Announcing the imminent acquisition of his shipwright company by WCT Marine & Construction Inc., J&H Boatworks co-owner Tim Hill pleaded with the Port of Astoria Commission during a Tuesday workshop for direction regarding North Tongue Point.
J&H, owned by Hill and his wife, Debi, has rented part of a former seaplane hangar at North Tongue Point since 2010, one of the Port’s first tenants after the agency leased the industrial dock space from Montana-based Washington Development Co. Three years ago, J&H was joined in the same hangar by fellow marine contractor WCT Marine, owned by Willie and Carol Toristoja. Hill and Willie Toristoja estimate their companies together employ between 23 and 28 people.
The Port Commission established a goal of acquiring Tongue Point. But the Port’s lease runs out in 2019, and the cash-strapped agency has no plan to finance the property’s acquisition. Jim Knight, the Port’s executive director, has said it’s hard to make commitments at Tongue Point without having a definite plan for the property.
Hill said the companies need to know whether the Port is going to acquire the land, renew the lease or let it go.
“WCT needs to have a plan from the Port of Astoria,” he said. “If it’s not to renew the lease, if it’s not to purchase, we need to know that as soon as possible.”
Port Commissioner Bill Hunsinger has been filling in as president for Commissioner Robert Mushen, who has not attended a meeting in person since experiencing a medical emergency during a contentious meeting in early April. Last Month, Mushen phoned in and said the issue was related to high blood pressure, and that he was still recovering.
Prior to Hill’s presentation, Hunsinger had added a discussion of Tongue Point to the agenda.
“It seems like there’s a change in direction of the Port in the direction we’re going with Tongue Point,” Hunsinger said.
North Tongue Point includes J&H, WCT and Pacific Coast Seafood, temporarily occupying one of the hangars while rebuilding its burned-down plant in Warrenton. Port Financial Director Will Isom said the Port has lost about $250,000 a year at North Tongue Point over the past five years.
After 30 years at North Tongue Point, marine contractor J.E. McAmis recently moved to a location at the confluence of the Cowlitz and Columbia rivers in Longview, Washington, after failing to reach a long-term deal with the Port. Port Property and Contracts Director Shane Jensen has said, although the Port doesn’t want to kick anyone out, tenants know they cannot extend their leases with the Port beyond 2019.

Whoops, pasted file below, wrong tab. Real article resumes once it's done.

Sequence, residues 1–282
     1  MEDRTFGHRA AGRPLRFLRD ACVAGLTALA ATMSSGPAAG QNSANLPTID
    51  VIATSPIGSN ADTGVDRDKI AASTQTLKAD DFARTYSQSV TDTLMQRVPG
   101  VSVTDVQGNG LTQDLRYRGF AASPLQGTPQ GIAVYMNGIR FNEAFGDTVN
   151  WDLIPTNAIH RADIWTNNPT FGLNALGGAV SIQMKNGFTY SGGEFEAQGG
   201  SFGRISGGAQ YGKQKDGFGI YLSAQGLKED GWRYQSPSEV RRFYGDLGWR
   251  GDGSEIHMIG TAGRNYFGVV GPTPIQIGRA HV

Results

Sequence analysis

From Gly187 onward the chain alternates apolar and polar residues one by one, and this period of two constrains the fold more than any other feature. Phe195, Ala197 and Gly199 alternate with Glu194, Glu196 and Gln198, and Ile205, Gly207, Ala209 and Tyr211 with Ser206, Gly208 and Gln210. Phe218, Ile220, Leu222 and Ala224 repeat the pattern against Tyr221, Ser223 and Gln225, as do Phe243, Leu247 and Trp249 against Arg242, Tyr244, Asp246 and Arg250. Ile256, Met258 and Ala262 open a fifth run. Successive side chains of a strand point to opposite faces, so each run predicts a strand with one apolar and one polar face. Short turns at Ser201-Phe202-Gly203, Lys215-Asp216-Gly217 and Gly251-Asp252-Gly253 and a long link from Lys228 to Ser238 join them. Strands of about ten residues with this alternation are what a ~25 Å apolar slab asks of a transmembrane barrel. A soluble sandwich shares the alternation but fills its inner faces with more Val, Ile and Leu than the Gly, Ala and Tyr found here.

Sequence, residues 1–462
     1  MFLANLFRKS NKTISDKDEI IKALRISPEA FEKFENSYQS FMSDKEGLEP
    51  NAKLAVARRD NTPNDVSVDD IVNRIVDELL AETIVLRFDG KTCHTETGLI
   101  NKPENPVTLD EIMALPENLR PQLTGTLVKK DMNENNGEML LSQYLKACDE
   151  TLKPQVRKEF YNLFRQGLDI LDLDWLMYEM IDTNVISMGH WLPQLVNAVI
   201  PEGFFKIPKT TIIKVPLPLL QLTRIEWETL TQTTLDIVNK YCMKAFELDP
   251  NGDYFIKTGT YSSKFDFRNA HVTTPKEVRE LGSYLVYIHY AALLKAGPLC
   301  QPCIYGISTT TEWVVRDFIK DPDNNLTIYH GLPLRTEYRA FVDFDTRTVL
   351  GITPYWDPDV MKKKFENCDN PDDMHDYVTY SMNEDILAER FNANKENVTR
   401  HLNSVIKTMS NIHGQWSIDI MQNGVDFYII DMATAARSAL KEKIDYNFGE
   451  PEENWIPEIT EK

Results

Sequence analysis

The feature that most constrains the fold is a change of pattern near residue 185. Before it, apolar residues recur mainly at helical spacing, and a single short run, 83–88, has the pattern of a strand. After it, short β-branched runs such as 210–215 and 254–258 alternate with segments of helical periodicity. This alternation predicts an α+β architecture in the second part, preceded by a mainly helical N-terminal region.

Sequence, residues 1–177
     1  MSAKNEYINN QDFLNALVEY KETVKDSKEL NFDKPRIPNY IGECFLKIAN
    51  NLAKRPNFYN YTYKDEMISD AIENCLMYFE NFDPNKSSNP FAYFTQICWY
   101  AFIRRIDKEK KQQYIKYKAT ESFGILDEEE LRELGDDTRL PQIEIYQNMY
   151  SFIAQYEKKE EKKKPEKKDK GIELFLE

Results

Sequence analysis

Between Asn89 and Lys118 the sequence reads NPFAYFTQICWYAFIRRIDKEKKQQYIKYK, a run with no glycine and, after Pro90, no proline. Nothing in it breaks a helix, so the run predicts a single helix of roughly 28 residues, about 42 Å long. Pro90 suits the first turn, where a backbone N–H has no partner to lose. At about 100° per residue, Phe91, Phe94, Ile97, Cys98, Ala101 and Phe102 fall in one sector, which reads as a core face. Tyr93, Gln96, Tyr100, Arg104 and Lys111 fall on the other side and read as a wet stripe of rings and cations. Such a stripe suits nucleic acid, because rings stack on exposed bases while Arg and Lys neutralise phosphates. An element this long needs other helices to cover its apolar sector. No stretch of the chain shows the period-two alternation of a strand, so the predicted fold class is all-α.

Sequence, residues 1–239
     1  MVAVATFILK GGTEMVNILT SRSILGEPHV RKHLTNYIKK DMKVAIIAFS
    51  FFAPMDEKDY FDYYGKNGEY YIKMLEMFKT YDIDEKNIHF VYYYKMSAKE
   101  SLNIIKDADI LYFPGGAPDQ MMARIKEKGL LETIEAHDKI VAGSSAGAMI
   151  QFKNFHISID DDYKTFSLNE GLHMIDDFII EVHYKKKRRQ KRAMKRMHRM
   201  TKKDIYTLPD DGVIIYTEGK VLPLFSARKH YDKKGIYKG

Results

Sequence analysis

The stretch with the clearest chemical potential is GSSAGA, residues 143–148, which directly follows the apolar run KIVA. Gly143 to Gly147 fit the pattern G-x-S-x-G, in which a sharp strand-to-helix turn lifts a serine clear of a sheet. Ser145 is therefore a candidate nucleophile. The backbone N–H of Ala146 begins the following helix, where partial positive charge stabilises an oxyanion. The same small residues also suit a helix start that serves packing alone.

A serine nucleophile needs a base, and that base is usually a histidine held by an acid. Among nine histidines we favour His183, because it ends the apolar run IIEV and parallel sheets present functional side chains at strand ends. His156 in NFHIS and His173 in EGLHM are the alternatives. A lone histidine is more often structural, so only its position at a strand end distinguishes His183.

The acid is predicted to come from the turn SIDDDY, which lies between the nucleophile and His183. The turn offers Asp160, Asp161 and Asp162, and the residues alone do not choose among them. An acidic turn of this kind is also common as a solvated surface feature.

Even if the Port could acquire North Tongue Point, Knight said, the purchase would be of land with tens of millions of dollars worth of problems. “I’m not saying we shouldn’t do it, but we don’t have the financial resources yet,” he said, adding the state has declined to help acquire the property.
Knight said he is still waiting for a meeting between the Port, economic development agency Business Oregon, the state Department of Environmental Quality and state Sen. Betsy Johnson, D-Scappoose, about the possibility of putting North Tongue Point in a brownfield land bank. The change would provide a potential avenue to acquisition and development as part of a cleanup of historical contamination at the site.
Port Commissioner Stephen Fulton, who lost to fellow Commissioner James Campbell in the May election, will end his four-year term next month. He said the Port needs to figure out immediately what it will do at North Tongue Point.
“I hate to kick the can to the next commission, but I think this should be No. 1 on your priorities, is what are you going to do about Tongue Point,” he said.
In other news:
• The Port Commission voted to have staff award a $41,000 contract to Fox Erosion Control and Landscape Inc. to fix the deteriorated bioswale that has prevented the Port’s new Pier 3 stormwater system from being activated. The Port had been required by July to activate a new stormwater treatment system to reduce the amount of copper entering the Columbia River. The agency’s general contractor, Conway Construction Co., largely finished the project in November, but heavy rains eroded and compacted much of a bioswale in the system meant to leach metals from stormwater. Port Director of Operations Matt McGrath said Fox Erosion control is ready to start work within a week’s notice.